For cases 30 to 33, Z-score standardization was applied to the variables before clustering for a few of the best combinations of linkage method and distance measure found thus far. With the complete and average linkages, the Z-score standardization also produced a chaining of observations. With Ward's method, the Z-score standardization proved adept in singling out extreme values of oddly distributed variables like mobile homes, apartments, and warehouses. However, doing this broadened the range of the more normally distributed variables like single-family residential and agricultural that could be included in the same scenario. Cases 34 and 35 were created with 30 clusters instead of 20 in an attempt to break up some of the more dissimilar clusters. Still, a few clusters exhibited odd groupings. As an example, the three districts Provo 3, Orem 2, and Utah County 3, were all grouped into the same cluster in case 34, largely based on their similarly high percentages of warehouse use (C3) (see table below).
Clearly, Provo 3 is made up of largely commercial uses; Orem 2 is primarily single-family residential, and Utah County 3 is mostly agricultural. Ideally, the classification scheme chosen would allow for three different scenarios, distinct from those scenarios for residential, commercial, and agricultural that do not include warehouses, to represent these districts.
Case 36 used 30 clusters with no standardization applied to see if the increased number of clusters alone would provide for more distinct groupings without sacrificing representation of the more minor uses like mobile homes, apartments, and warehouses. The range of variables about the means decreased significantly, but most representation of extreme values for the minor variables was lost. For case 37, a compromise standardization procedure was tried before clustering. Instead of using Z-scores to standardize the variables, all variables were scaled such that the minimum value for the variable was 0.0% and the maximum value was 100%. Hence, a value of 5.8% for mobile homes (minimum 0% and maximum 12.1%) in West Valley City was scaled to 48.3% (5.8% × 12.1% 3 100%). This method of standardization worked nearly as well as the Z-score method, but the improvement in within-cluster dissimilarity was small enough to make the effort unfruitful.
Consequently, the parameters chosen as best for cluster analysis on the land-use data were Ward's linkage method, the Squared Euclidean distance measure, and Z-score standardization of variables (case 38). Increasing the number of clusters to 35 broke up a few additional odd groupings. The cluster that included the three districts mentioned previously, for example, was broken into two clusters. It was decided that an additional reduction of dissimilarities would have required a greater number of clusters in the final analysis than was desirable; the final number of scenarios became 35.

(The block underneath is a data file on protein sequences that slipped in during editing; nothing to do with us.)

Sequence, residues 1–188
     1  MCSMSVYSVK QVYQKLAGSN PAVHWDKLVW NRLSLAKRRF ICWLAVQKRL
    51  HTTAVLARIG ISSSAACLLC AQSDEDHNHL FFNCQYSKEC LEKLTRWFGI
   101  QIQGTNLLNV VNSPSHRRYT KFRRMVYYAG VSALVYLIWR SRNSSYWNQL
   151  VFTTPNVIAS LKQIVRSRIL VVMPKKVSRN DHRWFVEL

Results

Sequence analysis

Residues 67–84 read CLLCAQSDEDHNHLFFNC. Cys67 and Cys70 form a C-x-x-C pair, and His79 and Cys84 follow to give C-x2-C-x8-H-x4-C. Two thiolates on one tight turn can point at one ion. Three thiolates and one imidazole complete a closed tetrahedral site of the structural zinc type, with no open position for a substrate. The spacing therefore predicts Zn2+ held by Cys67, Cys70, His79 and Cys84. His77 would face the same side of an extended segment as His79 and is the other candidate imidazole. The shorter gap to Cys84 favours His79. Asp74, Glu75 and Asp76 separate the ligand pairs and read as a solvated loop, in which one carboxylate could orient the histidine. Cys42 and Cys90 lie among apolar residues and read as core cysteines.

Table 3 lists the final 35 scenarios with cluster means. Since adding the mean percentages for each scenario did not always result in a total of 100% (sums varied from 92 to 100%), the mean values in table 3 represent the cluster means scaled such that their sums total 100% for each scenario. Figure 4 (after page 42) shows the district map coded for the results of the final cluster analysis with 35 scenarios. This figure shows which planning districts have similar land-use patterns. Table 3 and figure 4 show that the clustering by the Ward's linkage method performed well for the given data set.
This paper showed cluster analysis to be a viable tool for grouping planning districts into a smaller number of planning scenarios for regional land-use and transportation sketch planning. A comparison of figures 2 and 4 shows that cluster analysis reduces the amount of detail required to represent a wide variety of land-use scenarios but does so without significantly altering the big picture on a regional level. This finding is potentially significant to future land-use and transportation planning projects. Alternative land-use scenarios used in planning models need not be limited to a few hypothetical land-use cases. Rather, multiple scenarios can be generated as warranted to represent accurately all patterns of land use found in a given regional area. Scenarios currently not found in the study region, such as those taken from another region, may then be added to represent a fuller spectrum of possibilities.
Certain challenges must be met in order to apply cluster analysis to land-use data successfully. Chief among these is the proper selection of a distance measure, linkage method, and standardization procedure. The findings of this study do not eliminate the need to reiterate this process for data gathered from areas outside the Wasatch Front region of Utah. Additionally, measures must be taken to ensure that the input land-use data is current and accurate or the investigator risks magnifying the inaccuracies in the final set of derived scenarios. Uniformity among agencies in the categorized description of land use is indispensable in the gathering of timely and accurate data on regional land-use scenarios. Lastly, a good method for drawing district boundaries is needed to ensure that subjective concerns do not influence the process.
This study was funded by the National Science Foundation (contract number CMS 9817690). The authors wish to thank Stuart Challender of the State of Utah Automated Geographic Resource Center (AGRC), Mike Brown of the Wasatch Front Regional Council, Andrew Jackson and Andrew Wooley of the Mountain Land Association of Governments, and many other city employees and engineers who provided us with GIS-based data and other information essential for this study.
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Mitsuru Saito, Department of Civil and Environmental Engineering, Brigham Young University, 368 Clyde Building, Provo, UT 84602. Email: email@example.com.